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Art review: 'Paul Thek: Diver, a Retrospective' at UCLA Hammer Museum

June 22, 2011 |  4:00 pm

Thek install 2

In the New York art world, Paul Thek has been a cult figure for about as many years as he was a practicing artist. Susan Sontag dedicated her influential 1966 book of collected criticism, "Against Interpretation," to him, and it's mostly on that page that the late artist's name has endured.

A traveling survey of Thek's sculptures, installations and paintings now at the UCLA Hammer Museum tries hard to fill in the knowledge gap. But, finally it doesn't make an effective case for the singular importance of his mildly engaging work.

Partly that's a result of the ephemeral nature of his sometimes collaborative installations, begun in the late 1960s. Once shown, they were typically dismantled, their materials discarded. The work no longer exists.

Thek, who died in 1988 at 54, was shocked into inspiration by a 1963 visit to the famous Capuchin catacombs in Palermo, Sicily, with his sometime lover, photographer Peter Hujar. There, dehydrated human bodies, many dressed in contemporary clothing and some displayed in glass cases, offered a startling archive of life's impermanence. Thek, born into an unhappy middle-class Brooklyn family, was raised an observant Catholic. Post-Palermo, he took the transience of the flesh as his primary motif.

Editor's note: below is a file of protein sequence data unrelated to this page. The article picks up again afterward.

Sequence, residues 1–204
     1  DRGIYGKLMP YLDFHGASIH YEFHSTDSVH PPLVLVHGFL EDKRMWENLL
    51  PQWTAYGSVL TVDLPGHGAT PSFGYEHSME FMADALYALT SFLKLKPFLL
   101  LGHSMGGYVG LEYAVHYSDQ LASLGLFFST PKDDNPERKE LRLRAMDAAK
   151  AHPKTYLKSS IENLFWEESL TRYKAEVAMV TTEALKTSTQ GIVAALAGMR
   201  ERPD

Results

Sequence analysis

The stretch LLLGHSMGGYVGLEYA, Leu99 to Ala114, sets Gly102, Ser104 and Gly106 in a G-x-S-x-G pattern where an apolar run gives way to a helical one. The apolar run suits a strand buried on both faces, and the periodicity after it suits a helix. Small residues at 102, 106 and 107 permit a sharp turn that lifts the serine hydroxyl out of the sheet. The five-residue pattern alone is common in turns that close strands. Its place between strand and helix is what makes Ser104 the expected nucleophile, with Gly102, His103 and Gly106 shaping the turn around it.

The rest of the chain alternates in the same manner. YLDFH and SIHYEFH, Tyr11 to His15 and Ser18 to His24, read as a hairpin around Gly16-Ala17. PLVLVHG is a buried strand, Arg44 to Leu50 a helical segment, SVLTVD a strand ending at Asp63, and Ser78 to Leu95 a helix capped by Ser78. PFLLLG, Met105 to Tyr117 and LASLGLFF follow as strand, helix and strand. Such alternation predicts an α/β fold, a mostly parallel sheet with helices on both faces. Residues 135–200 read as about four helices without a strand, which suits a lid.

That subject couldn't have been more different from the Minimalist tide of hard-edged industrial and geometric sculpture beginning to emerge in Manhattan. In the 1950s Thek had studied locally at the Art Students League, Pratt Institute and Cooper Union, and he was nearly 30 when he made the fateful visit to Sicily. In a series of sculptures begun the next year, he used what he saw to lampoon emergent Minimalism.

Thek Meat 2These 1964-65 sculptures are "meat reliquaries" -- beefy, fool-the-eye slabs of painted wax. Some are tricked out with soft tufts of hair that emphasize their fleshiness, while plastic flies suggest morbidity and decay. The meat slabs are housed inside geometric containers of varying complexity.

Helpfully, the Thek reliquaries at the Hammer are introduced by a shrine-like room, which sets an illuminating tone. The sculptures derive from the Catholic tradition of displaying physical remains of saints, such as bits of bone or clothing, inside containers whose design reflects the era's prevailing stylistic trends -- Gothic, Renaissance, Baroque, Neo-Classical, etc.

In Thek's case, that meant the sleek technology of Minimalism and the brash commercial language of Pop. His most well-known example features an imitation Brillo box made of painted-wood by Andy Warhol, tipped on its side to reveal a big, thickly veined slab inside. Thek's meat is as fake as Warhol's box.

The authenticity of religious relics was a standard subject for debate throughout history, since fakes abound; but there's no debate here. Thek's meat slabs revel in luxurious duplicity. His reliquaries resonate precisely because of their painstaking technical commitment to convincing artifice.

So the sculptures don't make a reactionary case for "interior authenticity" as a missing ingredient in new and supposedly soulless '60s art. Instead they embody the fraudulence of the concept of essential spirit, however much it's extolled in popular conceptions of art.